Well, that's nice. An all cash business. Sailing around the Caribbean between Panama, Colombia, Cuba, Jamaica, Nicaragua, Honduras, and Belize. Not answering to anyone. And according to Ludwig Hoffman - supposedly "not commercial." I've long suspected there might be sailing vessels hauling backpackers around the Caribbean, using them basically as camouflage to run drugs to the North and money to the South. One thing I've noticed about criminals who get caught, is they immediately tend to accuse others of doing the exact same things they were doing. When I caught Javier Martin trying to arrange passage for backpackers aboard Ludwig Hoffman's "Stahlratte" - he posted an article on his website accusing me of (you guessed it) using a sailing yacht to traffic drugs and launder money. I wonder if the US Navy or the DEA has ever taken a real hard look at the "Stahlratte." Birds of a feather and all that. Nah, it's probably nothing...

And, I'm not stupid. The "Stahlratte" can carry a total of 25 passengers and crew - it's a relatively large boat. Most of the people who are providing me with information about Ludwig Hoffmann and his vessel are also in the business of transporting backpackers from Panama to Colombia, making him their competition. I get it. However he's also the only one who was willing to accept reservations from his buddy, Javier Martin. The rest of the gang saw my reporting, and piled on. So I'm not blind to the fact that this is their opportunity to maybe scoop up some of the people who were going to be riding on the "Stahlratte." It's a cutthroat business.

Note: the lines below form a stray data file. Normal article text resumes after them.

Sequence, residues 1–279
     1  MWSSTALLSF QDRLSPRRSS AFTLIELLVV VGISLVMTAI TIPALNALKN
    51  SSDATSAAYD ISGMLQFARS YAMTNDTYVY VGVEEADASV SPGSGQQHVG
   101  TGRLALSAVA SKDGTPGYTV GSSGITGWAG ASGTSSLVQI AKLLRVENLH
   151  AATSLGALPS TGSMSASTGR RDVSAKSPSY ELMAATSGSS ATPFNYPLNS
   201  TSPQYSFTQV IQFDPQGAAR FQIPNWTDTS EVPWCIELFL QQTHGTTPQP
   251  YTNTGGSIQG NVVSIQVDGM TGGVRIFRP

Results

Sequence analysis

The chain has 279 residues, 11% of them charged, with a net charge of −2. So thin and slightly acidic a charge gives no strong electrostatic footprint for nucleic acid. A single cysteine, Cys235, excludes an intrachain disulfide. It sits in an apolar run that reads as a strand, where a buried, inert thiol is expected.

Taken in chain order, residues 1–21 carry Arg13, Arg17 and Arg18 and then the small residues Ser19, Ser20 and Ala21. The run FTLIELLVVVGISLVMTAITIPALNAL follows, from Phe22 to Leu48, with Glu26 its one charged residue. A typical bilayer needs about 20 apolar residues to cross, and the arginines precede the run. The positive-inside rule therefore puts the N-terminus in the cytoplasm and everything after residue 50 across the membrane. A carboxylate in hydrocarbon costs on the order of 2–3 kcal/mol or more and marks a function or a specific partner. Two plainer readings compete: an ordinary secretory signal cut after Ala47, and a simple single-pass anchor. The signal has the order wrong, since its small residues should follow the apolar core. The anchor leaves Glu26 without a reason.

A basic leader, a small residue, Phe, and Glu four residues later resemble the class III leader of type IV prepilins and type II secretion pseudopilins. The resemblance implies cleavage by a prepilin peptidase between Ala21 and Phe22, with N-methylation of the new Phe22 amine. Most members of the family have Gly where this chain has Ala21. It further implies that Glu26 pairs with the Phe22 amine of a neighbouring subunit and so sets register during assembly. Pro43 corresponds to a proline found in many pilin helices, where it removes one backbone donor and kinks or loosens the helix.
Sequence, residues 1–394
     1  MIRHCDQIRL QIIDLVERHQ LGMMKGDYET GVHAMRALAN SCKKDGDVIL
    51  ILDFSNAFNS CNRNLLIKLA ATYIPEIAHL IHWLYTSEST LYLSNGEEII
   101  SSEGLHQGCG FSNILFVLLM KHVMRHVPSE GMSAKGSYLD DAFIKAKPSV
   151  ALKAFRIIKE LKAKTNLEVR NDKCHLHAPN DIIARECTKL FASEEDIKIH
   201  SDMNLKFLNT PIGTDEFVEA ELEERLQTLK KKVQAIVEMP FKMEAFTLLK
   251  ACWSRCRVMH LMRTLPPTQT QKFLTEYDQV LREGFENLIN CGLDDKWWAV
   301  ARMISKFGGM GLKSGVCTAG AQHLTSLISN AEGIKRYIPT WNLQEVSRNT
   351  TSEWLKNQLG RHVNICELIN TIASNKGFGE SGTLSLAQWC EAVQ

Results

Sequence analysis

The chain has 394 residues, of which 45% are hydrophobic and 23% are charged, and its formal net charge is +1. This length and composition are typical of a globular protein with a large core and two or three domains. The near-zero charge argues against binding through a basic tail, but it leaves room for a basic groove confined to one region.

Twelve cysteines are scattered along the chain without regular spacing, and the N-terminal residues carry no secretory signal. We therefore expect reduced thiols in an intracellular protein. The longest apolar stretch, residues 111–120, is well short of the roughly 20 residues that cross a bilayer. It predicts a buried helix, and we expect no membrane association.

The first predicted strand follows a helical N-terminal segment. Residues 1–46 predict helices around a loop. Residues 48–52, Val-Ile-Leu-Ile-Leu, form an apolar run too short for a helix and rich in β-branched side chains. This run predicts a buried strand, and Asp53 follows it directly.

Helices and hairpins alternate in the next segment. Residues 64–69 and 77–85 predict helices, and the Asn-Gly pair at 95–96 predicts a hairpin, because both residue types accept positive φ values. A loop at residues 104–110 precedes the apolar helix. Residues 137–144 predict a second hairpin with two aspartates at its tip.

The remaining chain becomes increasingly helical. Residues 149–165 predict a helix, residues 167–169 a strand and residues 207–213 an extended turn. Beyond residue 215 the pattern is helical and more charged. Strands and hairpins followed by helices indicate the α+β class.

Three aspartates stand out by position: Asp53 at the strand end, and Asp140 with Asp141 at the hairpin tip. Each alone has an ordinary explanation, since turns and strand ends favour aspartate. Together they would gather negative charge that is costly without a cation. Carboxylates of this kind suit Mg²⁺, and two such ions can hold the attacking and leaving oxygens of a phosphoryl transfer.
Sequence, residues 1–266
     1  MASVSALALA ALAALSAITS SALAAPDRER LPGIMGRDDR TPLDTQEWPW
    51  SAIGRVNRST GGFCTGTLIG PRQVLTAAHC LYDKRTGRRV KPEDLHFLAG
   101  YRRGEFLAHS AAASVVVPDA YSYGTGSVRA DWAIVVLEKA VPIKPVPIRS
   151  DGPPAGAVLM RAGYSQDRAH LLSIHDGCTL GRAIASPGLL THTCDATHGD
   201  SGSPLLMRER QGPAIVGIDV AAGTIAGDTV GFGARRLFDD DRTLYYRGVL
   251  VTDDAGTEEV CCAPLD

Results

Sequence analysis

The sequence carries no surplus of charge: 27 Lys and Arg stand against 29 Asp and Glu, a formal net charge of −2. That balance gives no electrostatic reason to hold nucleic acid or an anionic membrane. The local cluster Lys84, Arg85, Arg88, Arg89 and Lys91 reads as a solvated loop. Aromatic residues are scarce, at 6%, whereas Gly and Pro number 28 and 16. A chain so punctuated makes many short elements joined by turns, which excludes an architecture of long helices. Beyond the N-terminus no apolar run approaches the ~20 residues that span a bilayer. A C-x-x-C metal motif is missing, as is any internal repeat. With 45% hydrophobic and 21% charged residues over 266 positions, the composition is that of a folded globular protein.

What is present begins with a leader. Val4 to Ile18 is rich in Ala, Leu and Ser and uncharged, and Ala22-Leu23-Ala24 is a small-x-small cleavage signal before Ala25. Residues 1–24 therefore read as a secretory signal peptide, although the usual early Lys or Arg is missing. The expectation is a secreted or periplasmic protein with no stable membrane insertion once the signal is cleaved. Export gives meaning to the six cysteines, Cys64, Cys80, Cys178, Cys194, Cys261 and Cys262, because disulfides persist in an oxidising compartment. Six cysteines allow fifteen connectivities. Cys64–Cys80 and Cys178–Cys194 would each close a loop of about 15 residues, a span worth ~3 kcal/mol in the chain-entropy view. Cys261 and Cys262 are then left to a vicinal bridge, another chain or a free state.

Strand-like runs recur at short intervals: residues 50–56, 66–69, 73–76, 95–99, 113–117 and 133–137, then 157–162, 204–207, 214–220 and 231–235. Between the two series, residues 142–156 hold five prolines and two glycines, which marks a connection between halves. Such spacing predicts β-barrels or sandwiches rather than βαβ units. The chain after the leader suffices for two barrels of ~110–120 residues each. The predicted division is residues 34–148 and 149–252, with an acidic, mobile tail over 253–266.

But here's what floats my boat. If anyone out there every wants to do business with Javier Martin - they can bet that sooner or later I'll find out about it. And then their boat will be the featured centerpiece of a similar series of articles. What Javier Martin is doing is illegal. Consider this to be a public service announcement.

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Ludwig Hoffman And The "Stahlratte" - Operating Illegally in Panama? | 1 comments | Create New Account
The following comments are owned by whomever posted them. This site is not responsible for what they say.
Ludwig Hoffman And The \"Stahlratte\" - Operating Illegally in Panama?
Authored by: stbarnett on Tuesday, May 20 2014 @ 08:43 pm EDT


I don't know Hoffman, have never met him, have never used his boat, and have no financial interest in his operation. However, I have met many people who have used his services to get from Panama to Cartagena or vice versa. These are mainly motorcyclists (like myself) who have have been making the trip from the US to South America and needed a way to get themselves and their motorcycles to/from Colombia.

Air shipment of a motorcycle has gotten extremely expensive, so these types of boats are really the only other reasonable option. I have invariably heard that the quality of his operation is far above that of the other boats plying this route. I have talked to many people with horror stories of drunken captains, no food, poor maintenance, etc. One good friend of mine was actually dumped on an island in San Blas by the captain and had to have the locals get her and her bike to the mainland by canoe. But I have only heard good things about the Stahlratte. Everyone I have talked to has enjoyed the trip and had praise for the quality of the voyage.

I don't know what else Hoffman might or might not be up to or who he is supporting. However, I think that in the interest of fairness -- and given the lack of options available for getting between Panama and Colombia -- the fact that this operation gets good reviews from customers should be noted.